The above command builds snapshot packages. Change to the release branch for release package builds.

Copy the tarball to rpmbuild/SOURCES e.g. by using the spectool binary provided with rpmdevtools:

cd $HOME/rpmbuild/SOURCES
spectool -g ../SPECS/icinga2.spec

cd $HOME/rpmbuild

Install the build dependencies. Example for CentOS 7:

yum -y install libedit-devel ncurses-devel gcc-c++ libstdc++-devel openssl-devel \
cmake flex bison boost-devel systemd mysql-devel postgresql-devel httpd \
selinux-policy-devel checkpolicy selinux-policy selinux-policy-doc

Note: If you are using Amazon Linux, systemd is not required.

A shorter way is available using the yum-builddep command on RHEL based systems:

yum-builddep SPECS/icinga2.spec

Build the RPM:

rpmbuild -ba SPECS/icinga2.spec

Additional Hints

SELinux policy module

The following packages are required to build the SELinux policy module:

  • checkpolicy
  • selinux-policy (selinux-policy on CentOS 6, selinux-policy-devel on CentOS 7)
  • selinux-policy-doc

RHEL/CentOS 6

The RedHat Developer Toolset is required for building Icinga 2 beforehand. This contains a modern version of flex and a C++ compiler which supports C++11 features.

cat >/etc/yum.repos.d/devtools-2.repo <<REPO
[testing-devtools-2-centos-\$releasever]
name=testing 2 devtools for CentOS $releasever
baseurl=https://people.centos.org/tru/devtools-2/\$releasever/\$basearch/RPMS
gpgcheck=0
REPO

Dependencies to devtools-2 are used in the RPM SPEC, so the correct tools should be used for building.

As an alternative, you can use newer Boost packages provided on packages.icinga.com.

cat >$HOME/.rpmmacros <<MACROS
%build_icinga_org 1
MACROS

Amazon Linux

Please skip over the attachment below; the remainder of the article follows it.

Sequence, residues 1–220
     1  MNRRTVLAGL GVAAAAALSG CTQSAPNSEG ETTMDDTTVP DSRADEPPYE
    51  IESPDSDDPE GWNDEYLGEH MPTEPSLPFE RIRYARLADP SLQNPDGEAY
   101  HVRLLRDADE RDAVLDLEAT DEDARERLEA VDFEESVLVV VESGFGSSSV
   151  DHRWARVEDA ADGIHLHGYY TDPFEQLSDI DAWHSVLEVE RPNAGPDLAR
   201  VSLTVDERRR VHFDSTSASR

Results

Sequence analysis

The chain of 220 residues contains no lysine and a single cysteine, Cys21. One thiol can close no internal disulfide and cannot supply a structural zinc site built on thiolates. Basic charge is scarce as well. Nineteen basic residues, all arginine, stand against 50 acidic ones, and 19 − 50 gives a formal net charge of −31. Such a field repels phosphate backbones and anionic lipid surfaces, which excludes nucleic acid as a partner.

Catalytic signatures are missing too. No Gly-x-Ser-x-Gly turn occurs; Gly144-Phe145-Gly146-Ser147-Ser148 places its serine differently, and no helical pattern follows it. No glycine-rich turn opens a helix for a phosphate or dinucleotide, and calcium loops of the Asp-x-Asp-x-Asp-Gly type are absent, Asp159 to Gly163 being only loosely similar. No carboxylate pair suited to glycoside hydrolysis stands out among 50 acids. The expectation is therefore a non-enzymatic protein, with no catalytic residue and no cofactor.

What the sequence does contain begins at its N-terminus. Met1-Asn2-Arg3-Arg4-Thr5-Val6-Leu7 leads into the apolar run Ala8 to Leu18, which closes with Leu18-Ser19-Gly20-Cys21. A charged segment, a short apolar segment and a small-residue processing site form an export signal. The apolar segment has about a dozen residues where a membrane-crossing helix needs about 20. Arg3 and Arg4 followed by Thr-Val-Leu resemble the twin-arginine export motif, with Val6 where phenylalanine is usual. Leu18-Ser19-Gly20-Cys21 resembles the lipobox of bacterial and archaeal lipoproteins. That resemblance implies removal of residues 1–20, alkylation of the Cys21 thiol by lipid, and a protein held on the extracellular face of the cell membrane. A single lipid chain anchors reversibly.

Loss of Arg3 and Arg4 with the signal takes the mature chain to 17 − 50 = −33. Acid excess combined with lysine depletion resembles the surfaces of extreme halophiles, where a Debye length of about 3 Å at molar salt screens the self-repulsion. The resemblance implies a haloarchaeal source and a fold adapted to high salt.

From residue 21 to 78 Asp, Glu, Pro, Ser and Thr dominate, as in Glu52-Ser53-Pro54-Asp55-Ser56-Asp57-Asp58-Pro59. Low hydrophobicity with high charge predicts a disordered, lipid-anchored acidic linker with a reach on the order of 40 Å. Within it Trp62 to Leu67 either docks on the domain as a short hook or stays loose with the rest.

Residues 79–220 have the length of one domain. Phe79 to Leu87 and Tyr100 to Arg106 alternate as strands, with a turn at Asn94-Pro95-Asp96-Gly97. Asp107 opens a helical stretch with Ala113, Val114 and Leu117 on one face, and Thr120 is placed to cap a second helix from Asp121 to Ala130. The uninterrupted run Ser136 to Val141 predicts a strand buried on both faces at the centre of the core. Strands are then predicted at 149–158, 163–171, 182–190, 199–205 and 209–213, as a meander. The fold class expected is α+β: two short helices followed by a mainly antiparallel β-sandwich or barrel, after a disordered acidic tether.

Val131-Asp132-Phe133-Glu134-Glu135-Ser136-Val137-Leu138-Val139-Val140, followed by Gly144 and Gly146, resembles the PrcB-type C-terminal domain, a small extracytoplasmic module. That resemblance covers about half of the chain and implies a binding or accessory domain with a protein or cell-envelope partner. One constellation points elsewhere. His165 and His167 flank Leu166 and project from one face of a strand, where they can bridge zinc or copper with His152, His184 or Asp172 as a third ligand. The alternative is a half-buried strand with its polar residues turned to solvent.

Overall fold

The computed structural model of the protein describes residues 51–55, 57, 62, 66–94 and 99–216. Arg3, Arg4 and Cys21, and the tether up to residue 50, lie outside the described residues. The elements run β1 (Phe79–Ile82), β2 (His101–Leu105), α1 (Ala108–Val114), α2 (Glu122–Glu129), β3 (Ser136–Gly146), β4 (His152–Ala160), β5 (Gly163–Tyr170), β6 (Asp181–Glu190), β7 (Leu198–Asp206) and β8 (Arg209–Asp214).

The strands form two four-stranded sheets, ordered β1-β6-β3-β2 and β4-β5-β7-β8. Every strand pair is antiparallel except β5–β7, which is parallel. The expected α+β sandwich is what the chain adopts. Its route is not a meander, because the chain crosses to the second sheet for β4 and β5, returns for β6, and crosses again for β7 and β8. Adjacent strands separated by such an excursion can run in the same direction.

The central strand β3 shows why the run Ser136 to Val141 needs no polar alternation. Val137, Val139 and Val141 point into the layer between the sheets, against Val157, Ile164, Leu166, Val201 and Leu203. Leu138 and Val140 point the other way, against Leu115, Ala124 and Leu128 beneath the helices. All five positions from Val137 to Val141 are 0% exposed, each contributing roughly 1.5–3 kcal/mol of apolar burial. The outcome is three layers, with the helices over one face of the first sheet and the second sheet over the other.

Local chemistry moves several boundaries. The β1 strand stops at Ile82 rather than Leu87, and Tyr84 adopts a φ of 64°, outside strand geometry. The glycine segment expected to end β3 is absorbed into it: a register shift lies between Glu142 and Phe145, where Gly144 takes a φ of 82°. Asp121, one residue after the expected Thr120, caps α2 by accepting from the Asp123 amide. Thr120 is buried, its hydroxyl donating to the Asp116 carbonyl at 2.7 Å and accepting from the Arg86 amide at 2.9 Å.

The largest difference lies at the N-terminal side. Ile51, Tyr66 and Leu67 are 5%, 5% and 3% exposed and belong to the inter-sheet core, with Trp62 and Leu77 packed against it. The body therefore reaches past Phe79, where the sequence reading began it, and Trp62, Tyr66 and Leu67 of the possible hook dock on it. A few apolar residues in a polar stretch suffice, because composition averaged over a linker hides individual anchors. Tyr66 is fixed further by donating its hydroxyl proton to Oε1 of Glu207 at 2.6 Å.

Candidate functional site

If you prefer to build packages offline, a suitable Vagrant box is located here.

SLES 11

The Icinga repository provides the required boost package version and must be added before building.

Build Debian/Ubuntu packages

WARNING: This information is outdated!

Setup your build environment on Debian/Ubuntu, copy the 'debian' directory from the Debian packaging Git repository (https://github.com/Icinga/deb-icinga2) into your source tree and run the following command:

$ dpkg-buildpackage -uc -us

Build Alpine Linux packages

A simple way to setup a build environment is installing Alpine in a chroot. In this way, you can set up an Alpine build environment in a chroot under a different Linux distro. There is a script that simplifies these steps with just two commands, and can be found here.

Once the build environment is installed, you can setup the system to build the packages by following this document.

Build Post Install Tasks

After building Icinga 2 yourself, your package build system should at least run the following post install requirements:

  • enable the checker, notification and mainlog feature by default
  • run 'icinga2 api setup' in order to enable the api feature and generate SSL certificates for the node

Run Icinga 2

Icinga 2 comes with a binary that takes care of loading all the relevant components (e.g. for check execution, notifications, etc.):

# icinga2 daemon
[2016-12-08 16:44:24 +0100] information/cli: Icinga application loader (version: v2.5.4-231-gb10a6b7; debug)
[2016-12-08 16:44:24 +0100] information/cli: Loading configuration file(s).
[2016-12-08 16:44:25 +0100] information/ConfigItem: Committing config item(s).
...

Init Script

Icinga 2 can be started as a daemon using the provided init script:

# /etc/init.d/icinga2
Usage: /etc/init.d/icinga2 {start|stop|restart|reload|checkconfig|status}

Systemd

If your distribution uses Systemd:

# systemctl {start|stop|reload|status|enable|disable} icinga2

In case the distribution is running Systemd >227, you'll also need to package and install the etc/initsystem/icinga2.service.limits.conf file into /etc/systemd/system/icinga2.service.d.

openrc

Or if your distribution uses openrc (like Alpine):

# rc-service icinga2
Usage: /etc/init.d/icinga2 {start|stop|restart|reload|checkconfig|status}

Note: the openrc's init.d is not shipped by default. A working init.d with openrc can be found here: (https://git.alpinelinux.org/cgit/aports/plain/community/icinga2/icinga2.initd). If you have customized some path, edit the file and adjust it according with your setup. Those few steps can be followed:

# wget https://git.alpinelinux.org/cgit/aports/plain/community/icinga2/icinga2.initd
# mv icinga2.initd /etc/init.d/icinga2
# chmod +x /etc/init.d/icinga2

Icinga 2 reads a single configuration file which is used to specify all configuration settings (global settings, hosts, services, etc.). The configuration format is explained in detail in the doc/ directory.

By default make install installs example configuration files in /usr/local/etc/icinga2 unless you have specified a different prefix or sysconfdir.